09 January, 2014

What You Need to Know Before Buying a Giclee Fine Art Print

Learning about Giclee printing will help you make an informed decision before buying artwork. Giclee prints are high quality reproductions of artwork.




What Is A Giclee Print?

Giclee is a French term for "sprayed paint" which is basically what the printer does. An ink-jet printer sprays the paint onto your paper to get a rich color and look that reproduces the original painting. It took years of trial until a Giclee was produced that had the quality and lifespan that prints do nowadays. High quality professional Giclee prints have a very high resolution and are much better than anything a home printer could do.

What To Look For In A Giclee

Although a shop may have the ink-jet printing equipment, that doesn't mean they have the knowledge and experience to make quality reproductions. Look for a printer that has experience with color correcting and uses high quality paper.
If you are purchasing a Giclee you want it to last a long time, probably even to out live you! That means the ink and paper have to be archival quality, or museum archival quality for even better results. Being acid free is only half the game.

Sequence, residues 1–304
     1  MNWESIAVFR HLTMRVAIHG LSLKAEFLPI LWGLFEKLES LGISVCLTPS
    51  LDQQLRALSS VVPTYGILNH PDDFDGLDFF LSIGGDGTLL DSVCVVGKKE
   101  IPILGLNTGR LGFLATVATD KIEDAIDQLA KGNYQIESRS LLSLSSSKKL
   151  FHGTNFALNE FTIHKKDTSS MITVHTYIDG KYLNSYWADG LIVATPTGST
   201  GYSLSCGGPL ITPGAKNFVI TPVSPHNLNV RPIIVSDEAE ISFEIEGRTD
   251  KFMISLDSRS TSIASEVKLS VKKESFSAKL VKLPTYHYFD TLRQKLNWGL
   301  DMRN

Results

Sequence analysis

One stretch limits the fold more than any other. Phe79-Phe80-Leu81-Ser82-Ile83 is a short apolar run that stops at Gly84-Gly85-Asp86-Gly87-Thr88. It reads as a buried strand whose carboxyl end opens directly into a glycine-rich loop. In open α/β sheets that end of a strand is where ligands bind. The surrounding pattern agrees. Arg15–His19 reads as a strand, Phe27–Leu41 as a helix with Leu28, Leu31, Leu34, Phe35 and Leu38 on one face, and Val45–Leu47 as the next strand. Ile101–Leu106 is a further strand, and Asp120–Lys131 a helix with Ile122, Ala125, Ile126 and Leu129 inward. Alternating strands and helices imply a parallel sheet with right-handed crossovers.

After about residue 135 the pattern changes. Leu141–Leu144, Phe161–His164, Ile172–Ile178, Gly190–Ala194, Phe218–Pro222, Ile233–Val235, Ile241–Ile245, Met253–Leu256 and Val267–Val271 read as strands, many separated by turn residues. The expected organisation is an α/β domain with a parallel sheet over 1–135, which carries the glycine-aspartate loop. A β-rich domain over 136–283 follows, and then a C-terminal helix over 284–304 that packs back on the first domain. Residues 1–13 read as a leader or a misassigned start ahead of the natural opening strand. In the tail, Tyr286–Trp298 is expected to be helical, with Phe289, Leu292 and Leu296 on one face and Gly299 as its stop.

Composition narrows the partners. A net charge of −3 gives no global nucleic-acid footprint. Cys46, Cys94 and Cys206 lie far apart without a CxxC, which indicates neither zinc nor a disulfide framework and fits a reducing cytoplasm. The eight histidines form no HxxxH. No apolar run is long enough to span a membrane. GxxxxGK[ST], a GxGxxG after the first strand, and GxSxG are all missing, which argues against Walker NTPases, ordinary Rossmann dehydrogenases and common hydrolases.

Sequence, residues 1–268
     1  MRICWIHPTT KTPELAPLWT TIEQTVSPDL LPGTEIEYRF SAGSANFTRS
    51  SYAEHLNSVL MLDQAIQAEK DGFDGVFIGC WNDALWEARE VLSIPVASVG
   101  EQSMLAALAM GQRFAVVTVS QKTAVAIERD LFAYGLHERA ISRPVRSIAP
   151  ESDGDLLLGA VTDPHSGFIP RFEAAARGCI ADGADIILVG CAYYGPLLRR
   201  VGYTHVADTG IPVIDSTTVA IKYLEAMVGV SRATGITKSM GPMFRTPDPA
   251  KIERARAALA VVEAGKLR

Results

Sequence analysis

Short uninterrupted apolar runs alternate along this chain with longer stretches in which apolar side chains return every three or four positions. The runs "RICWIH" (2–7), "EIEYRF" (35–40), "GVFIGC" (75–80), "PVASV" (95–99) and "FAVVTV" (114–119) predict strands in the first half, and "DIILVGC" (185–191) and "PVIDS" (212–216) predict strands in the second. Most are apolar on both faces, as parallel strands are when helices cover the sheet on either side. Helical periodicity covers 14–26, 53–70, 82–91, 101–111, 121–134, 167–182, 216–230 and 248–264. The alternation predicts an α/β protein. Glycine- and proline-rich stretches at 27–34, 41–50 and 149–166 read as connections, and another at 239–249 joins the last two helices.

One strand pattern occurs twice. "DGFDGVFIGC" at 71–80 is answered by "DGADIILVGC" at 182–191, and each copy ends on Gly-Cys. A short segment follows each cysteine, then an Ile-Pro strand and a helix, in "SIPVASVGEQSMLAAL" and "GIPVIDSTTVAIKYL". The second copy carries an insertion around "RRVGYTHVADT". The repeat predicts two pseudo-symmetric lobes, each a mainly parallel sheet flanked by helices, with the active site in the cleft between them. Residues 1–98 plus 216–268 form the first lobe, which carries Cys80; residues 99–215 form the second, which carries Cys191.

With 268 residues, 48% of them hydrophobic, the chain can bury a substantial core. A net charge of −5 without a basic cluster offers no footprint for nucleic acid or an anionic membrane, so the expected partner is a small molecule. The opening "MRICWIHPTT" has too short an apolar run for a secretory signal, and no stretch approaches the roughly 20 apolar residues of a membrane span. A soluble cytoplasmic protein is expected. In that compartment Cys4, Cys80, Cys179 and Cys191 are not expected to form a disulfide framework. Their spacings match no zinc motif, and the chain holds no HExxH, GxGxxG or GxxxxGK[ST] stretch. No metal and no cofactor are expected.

The combination of inks and paper are what give the Giclee its quality. Look for an "image permanence rating" for your Giclee prints, or ask your art supplier for them. Wilhelm Imaging Research has published image permanence rating lists online for different printers, ink, and paper combinations.

Why Are Some Giclee Prints Limited Editions?

Rather than printing Giclee reproductions forever, many artists only want a certain number of each painting produced. This means that, even though you don't own the original, you still own a limited edition copy. It not only makes the print worth more, but also makes it a collector's item.

Taking Care of Your Giclee Print

Your Giclee may be great quality, but you still need to take care of it properly in order to ensure it lasts. Never store or display your Giclee in direct sunlight or anywhere with high UV ray concentrations. Make sure your Giclee is not in a directly heated area, such as hung on the wall over an electric heater. These precautions will stop your color from fading as well as keep your paper from turning brown over the years
When framing your Giclee, always wait 24 hours after printing for the ink to dry correctly. Like many original pieces of artwork, a mat is needed inside the frame to keep the artwork from directly touching the glass.
"Giclee.Dictionary.com. Dictionary.com. Web. 24 Feb. 2012.
"Giclee Information." : Giclee for Art and Photography. Web. 24 Feb. 2012.
"Caring for Your Giclees.Art Reproduction, Digital Art Capture. Web. 24 Feb. 2012.

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